Centre mourns loss of James H. Evans ’43, former chair of Centre board of trustees

James H. Evans ’43, one of the nation’s most respected corporate executives and former chair of Centre’s board of trustees, died May 11. He was 94.

Poised, unflappable and debonair, with movie-star good looks and an irrepressible optimism, he enjoyed a varied and wildly successful career in law, banking and management that had him moving effortlessly through the nation’s highest circles.

He was born in Michigan, but grew up in Louisville after his Baptist preacher father moved the family southward in order to attend the Southern Baptist Theological Seminary. It was the height of the Great Depression, and from a young age Jim Evans delivered the Louisville Times and, later, the Courier-Journal, work that would take on greater significance than just the $8-10 a week the paper route paid.

As he noted in accepting the Outstanding Alumnus of Kentucky Award in 1987, it was because of his paper route—and the three Centre families he met while collecting each week—that he first began to dream of attending Centre.

He went on to develop “a strong interest in the College,” he said. “Because it was a private college with a substantial tuition charge, I didn’t see how I could possibly afford to go. But, miracle of all miracles, . . . in the last half of my senior year at Male [High School], several Louisville businessmen who were Centre alumni —Elbert Gary Sutcliffe [Class of 1917] being the most significant of that group—informed me that their close friend in Mount Sterling, Robert Trimble [Class of 1913], had authorized them to designate me as the recipient of Mr. Trimble’s full-tuition scholarship to Centre if I could mange to scrape up the money for the room and board. I jumped at the chance, and with a job in the College library and the bookstore, I enrolled.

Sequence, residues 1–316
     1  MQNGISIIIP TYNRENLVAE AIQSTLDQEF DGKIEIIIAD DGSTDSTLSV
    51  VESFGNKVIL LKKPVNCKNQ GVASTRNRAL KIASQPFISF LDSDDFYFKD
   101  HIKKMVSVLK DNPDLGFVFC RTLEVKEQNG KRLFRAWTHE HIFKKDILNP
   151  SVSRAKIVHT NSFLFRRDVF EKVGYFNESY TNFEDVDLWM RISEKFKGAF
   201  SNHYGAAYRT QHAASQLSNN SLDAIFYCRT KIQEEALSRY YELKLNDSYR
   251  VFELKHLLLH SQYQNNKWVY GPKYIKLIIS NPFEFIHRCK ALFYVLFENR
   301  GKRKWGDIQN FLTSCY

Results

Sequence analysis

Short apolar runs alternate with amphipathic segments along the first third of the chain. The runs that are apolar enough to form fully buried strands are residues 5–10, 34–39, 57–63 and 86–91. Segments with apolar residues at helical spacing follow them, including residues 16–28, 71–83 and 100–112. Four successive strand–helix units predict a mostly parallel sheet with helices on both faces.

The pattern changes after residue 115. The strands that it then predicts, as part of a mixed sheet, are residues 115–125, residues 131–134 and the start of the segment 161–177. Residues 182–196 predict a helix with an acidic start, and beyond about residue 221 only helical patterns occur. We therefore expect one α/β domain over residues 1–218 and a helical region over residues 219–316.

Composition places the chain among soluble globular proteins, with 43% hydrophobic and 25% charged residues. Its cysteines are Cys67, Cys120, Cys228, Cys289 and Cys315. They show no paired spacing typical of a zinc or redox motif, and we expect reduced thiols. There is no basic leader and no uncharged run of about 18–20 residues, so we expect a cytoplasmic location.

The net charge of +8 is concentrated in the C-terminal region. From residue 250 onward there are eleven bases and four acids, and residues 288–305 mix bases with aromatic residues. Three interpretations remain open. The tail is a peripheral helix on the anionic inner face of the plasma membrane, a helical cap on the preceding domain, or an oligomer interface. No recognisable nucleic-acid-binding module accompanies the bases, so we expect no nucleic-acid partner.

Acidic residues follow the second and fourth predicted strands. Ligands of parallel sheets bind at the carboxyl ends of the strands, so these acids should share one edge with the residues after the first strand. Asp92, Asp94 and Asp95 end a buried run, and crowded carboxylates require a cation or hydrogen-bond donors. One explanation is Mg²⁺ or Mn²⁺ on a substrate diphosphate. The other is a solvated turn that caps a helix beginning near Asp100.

“There’s no doubt in my mind that this was the single most important event of my life,” he continued, “because from it flowed every future event in my life and in my career.”
Mr. Evans took pride in being a “generalist,” which he felt was far better training and preparation for success in life than a narrow focus too early on. He also placed a premium on enjoying one’s work.

“We at Centre try to educate leaders,” he told the Courier-Journal Magazine, for a long profile in 1979, “and so you have a broad background in literature, economics, history, the arts and philosophy without attempting to specialize. What’s leadership? I can’t possibly define it. But some part of it has to be enthusiasm and a belief in what you’re doing. I don’t think any chairman of any major company can do his job unless he has a very high degree of enthusiasm about what he’s doing, likes what he’s doing and the people with whom he’s doing it.”

Pearl Harbor was bombed during his junior year and he almost immediately joined the Navy, although he was allowed to first finish his senior year at Centre. Returning from service, he earned a law degree at the University of Chicago on the G.I. Bill, then joined Harris Trust & Savings Bank in Chicago as a lawyer and loan officer. Over the years, he held a series of increasingly senior leadership positions with what became Dun & Bradstreet and with the Seamen’s Bank for Savings in New York City.